In 2015, power from renewable sources made up 16.7% of the EU‘s energy mix.
That’s nearly double the 8.5% share recorded in 2004, according to a new set of statistics from Eurostat.
European targets for 2020 hope to see renewables reaching 20% of gross final energy consumption, moving up to at least 27% by 2030.
With 53.9% of Sweden’s energy coming from renewable sources, the nation had by far the highest share in 2015, followed by Finland (39.3%), Latvia (37.6%), Austria (33.0%) and Denmark (30.8%).
At the opposite end of the scale, the lowest proportions of renewables were registered in Luxembourg and Malta (both 5%), the Netherlands (5.8%), Belgium (7.9%) and the UK (8.2%).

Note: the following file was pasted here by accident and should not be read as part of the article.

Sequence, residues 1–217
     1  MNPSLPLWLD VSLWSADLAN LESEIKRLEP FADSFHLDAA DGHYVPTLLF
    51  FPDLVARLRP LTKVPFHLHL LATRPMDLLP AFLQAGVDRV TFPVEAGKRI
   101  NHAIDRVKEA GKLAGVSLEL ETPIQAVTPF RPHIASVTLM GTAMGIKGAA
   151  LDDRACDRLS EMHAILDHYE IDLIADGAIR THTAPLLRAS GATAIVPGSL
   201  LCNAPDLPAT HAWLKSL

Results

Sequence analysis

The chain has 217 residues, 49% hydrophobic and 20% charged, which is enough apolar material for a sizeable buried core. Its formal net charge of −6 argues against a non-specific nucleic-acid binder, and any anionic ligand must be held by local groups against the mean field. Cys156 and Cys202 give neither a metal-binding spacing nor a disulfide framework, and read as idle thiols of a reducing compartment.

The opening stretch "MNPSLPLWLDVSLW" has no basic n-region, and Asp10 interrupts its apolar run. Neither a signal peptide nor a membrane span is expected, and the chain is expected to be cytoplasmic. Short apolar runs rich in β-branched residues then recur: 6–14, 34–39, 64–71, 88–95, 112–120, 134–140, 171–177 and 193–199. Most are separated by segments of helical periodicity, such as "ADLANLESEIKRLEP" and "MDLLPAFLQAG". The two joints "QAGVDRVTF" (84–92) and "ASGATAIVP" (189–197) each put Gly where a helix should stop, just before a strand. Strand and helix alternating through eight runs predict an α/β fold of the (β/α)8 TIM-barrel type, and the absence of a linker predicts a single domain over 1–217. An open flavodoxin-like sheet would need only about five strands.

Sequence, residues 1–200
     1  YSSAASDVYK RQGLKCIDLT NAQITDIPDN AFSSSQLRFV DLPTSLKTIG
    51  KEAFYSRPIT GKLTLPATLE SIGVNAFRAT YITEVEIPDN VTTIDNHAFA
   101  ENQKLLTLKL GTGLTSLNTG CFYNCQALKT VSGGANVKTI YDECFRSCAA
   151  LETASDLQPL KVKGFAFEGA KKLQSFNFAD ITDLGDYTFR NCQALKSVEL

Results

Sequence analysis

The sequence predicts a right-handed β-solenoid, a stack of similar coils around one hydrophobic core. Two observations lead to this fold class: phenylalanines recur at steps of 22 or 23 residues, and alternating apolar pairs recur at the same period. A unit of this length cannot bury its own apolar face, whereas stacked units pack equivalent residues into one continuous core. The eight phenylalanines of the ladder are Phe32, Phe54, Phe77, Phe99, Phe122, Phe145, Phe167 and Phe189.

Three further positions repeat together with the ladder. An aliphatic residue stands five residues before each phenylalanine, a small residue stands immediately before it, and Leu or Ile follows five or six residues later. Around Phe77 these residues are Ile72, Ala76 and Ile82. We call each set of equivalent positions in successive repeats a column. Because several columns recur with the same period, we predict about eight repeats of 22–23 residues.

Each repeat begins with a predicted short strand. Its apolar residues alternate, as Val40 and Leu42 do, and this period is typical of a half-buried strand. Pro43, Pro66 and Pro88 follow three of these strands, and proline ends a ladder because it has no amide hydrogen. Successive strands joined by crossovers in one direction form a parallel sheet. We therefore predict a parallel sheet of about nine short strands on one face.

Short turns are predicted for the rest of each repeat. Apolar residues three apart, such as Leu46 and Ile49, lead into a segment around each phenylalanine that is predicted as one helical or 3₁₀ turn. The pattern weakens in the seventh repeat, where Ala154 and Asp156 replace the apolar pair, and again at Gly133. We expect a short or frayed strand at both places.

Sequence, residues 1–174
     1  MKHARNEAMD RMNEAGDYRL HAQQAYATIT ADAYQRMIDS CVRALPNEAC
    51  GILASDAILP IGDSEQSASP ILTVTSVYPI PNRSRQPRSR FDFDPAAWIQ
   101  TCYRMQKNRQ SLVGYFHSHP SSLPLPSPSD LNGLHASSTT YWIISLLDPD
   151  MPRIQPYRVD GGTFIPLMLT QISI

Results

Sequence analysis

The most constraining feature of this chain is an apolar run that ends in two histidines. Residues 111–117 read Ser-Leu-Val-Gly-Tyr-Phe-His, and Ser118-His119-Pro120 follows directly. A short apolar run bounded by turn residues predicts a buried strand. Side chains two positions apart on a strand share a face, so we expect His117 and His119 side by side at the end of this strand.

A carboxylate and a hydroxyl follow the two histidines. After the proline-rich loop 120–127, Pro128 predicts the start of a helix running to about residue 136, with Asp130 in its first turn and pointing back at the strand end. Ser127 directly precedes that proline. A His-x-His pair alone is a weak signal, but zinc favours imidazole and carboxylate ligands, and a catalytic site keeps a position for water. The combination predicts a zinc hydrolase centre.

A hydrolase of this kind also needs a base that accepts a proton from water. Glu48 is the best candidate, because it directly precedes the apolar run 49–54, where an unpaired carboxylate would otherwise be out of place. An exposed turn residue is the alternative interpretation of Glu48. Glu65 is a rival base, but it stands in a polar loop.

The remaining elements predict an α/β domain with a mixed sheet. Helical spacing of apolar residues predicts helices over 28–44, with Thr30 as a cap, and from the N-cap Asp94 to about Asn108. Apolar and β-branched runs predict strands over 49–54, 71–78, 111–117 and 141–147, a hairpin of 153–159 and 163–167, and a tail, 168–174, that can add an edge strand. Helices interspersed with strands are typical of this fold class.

Each Member State has its own 2020 target, taking into account different starting points, renewable energy potential and economic performance.
Among the 28 EU countries, 11 have already reached the level required to meet these goals – these are Bulgaria, the Czech Republic, Denmark, Estonia, Croatia, Italy, Lithuania, Hungary, Romania, Finland and Sweden.
Austria and Slovakia are only 1% away from their 2020 targets, contrasting with the countries furthest away from their targets, which include the Netherlands (8.2%), France (7.8%), Ireland and the UK (both 6.8%) and Luxembourg (6%).
More than half of the EU’s new electricity generation in 2016 was in the form of wind energy.
The town of Essen in Germany has officially become the European Green Capital for 2017.